The social network has announced that it will lift its block on news content following an agreement reached with the Australian government.
Facebook got what it wanted. Five days after the publication of a blog post, in which the group announced that it was blocking all publication and sharing of news content from the press and local media, the Australian government has finally backed down in the face of the pressure imposed by the social network.
An agreement reached between Facebook and the Australian government
In the update of his post, which has sparked a lot of controversy since last week, Facebook said it was satisfied to have reached an agreement with the Australian government. The latter has indeed agreed to amend his bill, which had resulted in the blocking of Facebook in his country.
We are pleased to have been able to reach an agreement with the Australian government and appreciate the constructive discussions we have had with Treasurer Frydenberg and Minister Fletcher over the past week. (…) After further discussion, we are confident that the Australian government has agreed to a number of changes and guarantees that address our primary concerns about authorizing trade deals that recognize the value our platform offers to publishers through compared to the value we get from it, says William Easton, Managing Director, Facebook Australia and New Zealand.
This decision thus paves the way for the reinstatement of news content published by Australian media pages on the platform ” in the next few days “. The Australian subsidiary of the group also specifies that it will continue its ” investments in public service journalism “. The Facebook News launch project, suspended due to the standoff between the group and the Australian government, could be put back on track.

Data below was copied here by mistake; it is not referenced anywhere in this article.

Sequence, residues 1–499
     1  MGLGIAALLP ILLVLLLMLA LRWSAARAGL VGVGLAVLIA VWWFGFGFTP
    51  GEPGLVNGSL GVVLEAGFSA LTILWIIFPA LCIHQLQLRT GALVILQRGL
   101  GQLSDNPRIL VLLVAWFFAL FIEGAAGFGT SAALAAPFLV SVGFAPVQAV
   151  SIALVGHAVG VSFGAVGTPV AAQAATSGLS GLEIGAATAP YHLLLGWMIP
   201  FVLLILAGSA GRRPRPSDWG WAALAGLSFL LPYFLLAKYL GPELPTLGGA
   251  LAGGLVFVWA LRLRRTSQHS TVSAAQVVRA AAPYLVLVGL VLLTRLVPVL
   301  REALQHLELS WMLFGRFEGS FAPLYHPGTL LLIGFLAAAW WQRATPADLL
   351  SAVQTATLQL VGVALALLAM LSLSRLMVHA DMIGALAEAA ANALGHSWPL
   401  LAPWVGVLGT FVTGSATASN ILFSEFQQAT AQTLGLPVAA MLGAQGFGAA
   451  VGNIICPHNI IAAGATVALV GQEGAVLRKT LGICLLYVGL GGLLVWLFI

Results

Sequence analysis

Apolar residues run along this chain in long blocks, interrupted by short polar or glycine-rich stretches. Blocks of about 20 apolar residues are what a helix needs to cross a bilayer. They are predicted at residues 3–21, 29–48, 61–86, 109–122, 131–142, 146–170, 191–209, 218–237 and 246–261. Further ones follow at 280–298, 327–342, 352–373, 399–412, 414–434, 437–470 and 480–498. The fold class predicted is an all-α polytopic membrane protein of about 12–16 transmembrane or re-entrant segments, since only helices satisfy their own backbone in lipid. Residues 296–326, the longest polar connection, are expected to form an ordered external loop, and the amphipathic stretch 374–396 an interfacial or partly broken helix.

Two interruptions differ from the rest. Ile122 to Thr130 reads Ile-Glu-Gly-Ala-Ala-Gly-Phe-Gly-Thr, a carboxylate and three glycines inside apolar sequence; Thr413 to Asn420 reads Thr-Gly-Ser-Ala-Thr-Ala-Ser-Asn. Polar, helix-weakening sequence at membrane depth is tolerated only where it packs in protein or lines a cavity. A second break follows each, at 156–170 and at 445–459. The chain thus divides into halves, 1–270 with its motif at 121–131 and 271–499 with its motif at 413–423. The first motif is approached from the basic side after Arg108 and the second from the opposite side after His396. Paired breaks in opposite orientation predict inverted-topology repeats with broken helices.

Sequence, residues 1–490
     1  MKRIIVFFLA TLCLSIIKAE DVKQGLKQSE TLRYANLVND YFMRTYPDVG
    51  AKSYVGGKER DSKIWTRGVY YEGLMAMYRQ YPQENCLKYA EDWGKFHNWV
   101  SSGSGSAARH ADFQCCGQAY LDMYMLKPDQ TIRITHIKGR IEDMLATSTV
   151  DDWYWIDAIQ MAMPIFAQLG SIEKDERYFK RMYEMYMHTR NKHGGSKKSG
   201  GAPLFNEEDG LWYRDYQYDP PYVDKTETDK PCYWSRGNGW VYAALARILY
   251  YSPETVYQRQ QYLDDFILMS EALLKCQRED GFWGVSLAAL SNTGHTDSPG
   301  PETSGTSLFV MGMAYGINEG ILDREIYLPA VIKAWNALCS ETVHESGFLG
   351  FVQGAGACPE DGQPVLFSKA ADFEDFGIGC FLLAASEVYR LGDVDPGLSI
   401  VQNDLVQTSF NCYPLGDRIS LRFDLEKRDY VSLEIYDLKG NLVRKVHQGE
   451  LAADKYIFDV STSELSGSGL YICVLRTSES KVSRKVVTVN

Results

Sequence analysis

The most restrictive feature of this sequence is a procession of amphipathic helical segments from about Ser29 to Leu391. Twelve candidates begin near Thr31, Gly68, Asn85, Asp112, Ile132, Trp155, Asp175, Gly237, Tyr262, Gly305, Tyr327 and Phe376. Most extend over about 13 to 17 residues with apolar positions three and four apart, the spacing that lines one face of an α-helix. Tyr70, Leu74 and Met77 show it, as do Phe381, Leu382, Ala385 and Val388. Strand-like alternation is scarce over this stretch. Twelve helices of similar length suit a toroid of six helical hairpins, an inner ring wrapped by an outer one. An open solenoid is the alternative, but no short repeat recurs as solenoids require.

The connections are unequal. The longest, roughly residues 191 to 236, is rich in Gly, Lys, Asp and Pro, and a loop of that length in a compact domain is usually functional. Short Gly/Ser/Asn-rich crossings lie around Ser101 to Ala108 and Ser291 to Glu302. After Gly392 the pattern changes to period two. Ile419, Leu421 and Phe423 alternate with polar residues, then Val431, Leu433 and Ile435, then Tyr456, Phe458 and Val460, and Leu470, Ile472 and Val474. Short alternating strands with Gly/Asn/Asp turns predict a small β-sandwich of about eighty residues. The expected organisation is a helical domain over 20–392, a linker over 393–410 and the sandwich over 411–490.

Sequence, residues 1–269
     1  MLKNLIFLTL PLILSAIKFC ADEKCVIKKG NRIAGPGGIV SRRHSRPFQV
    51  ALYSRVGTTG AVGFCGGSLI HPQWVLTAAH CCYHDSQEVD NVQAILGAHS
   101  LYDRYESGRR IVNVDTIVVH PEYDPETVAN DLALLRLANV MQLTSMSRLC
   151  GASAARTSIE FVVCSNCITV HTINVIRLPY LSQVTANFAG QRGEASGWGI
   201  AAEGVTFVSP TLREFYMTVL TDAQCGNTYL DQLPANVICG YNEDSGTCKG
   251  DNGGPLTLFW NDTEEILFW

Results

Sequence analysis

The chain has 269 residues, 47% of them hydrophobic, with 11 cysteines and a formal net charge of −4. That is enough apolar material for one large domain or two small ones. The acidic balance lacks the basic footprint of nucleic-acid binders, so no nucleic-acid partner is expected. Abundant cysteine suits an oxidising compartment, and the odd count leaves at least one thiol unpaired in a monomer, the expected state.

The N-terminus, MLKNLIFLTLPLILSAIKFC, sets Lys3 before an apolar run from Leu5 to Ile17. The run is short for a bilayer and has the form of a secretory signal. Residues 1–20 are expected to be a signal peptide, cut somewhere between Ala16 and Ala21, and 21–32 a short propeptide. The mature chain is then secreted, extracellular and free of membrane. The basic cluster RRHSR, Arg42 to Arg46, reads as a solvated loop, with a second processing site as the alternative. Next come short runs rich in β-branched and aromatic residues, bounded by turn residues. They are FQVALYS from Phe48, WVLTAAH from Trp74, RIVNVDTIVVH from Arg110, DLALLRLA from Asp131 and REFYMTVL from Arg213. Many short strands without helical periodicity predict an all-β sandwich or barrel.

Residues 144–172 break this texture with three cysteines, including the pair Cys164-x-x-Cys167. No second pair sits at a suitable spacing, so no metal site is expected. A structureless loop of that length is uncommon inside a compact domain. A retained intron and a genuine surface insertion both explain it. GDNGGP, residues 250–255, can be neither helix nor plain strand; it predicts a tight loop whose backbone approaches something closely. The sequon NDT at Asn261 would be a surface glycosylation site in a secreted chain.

The Australian code of conduct at the origin of the standoff
Facebook announced, on February 17, the blocking of news content in Australia in reaction to the “code of conduct”, a bill launched by the government that was to force tech players, such as Facebook and Google, to negotiate remuneration with local media in exchange for the resumption of their content. Australian media were then banned from posting any news content on the platform and several rescue service pages were also affected by the situation.
A deal on the Google News Showcase model?
If no information has filtered out on the outlines of the agreement obtained by Facebook or on the way in which the bill will be amended, the Australian government will have had the merit of having bent two players of the “Big Tech”, after being under pressure from Google, also impacted by this binding bill. The search engine has indeed reached an agreement in mid-February with 7 publishers and press groups, as part of the deployment of Google News Showcase in Australia. Among them is the News Corp. owned by Rupert Murdoch, which includes international titles such as The Wall Street Journal, The New York Post, The Times but also The Australian. The search engine will thus remunerate these publishers on the basis of a “premium” content license system in exchange for their visibility in a native and multimedia format within Google News.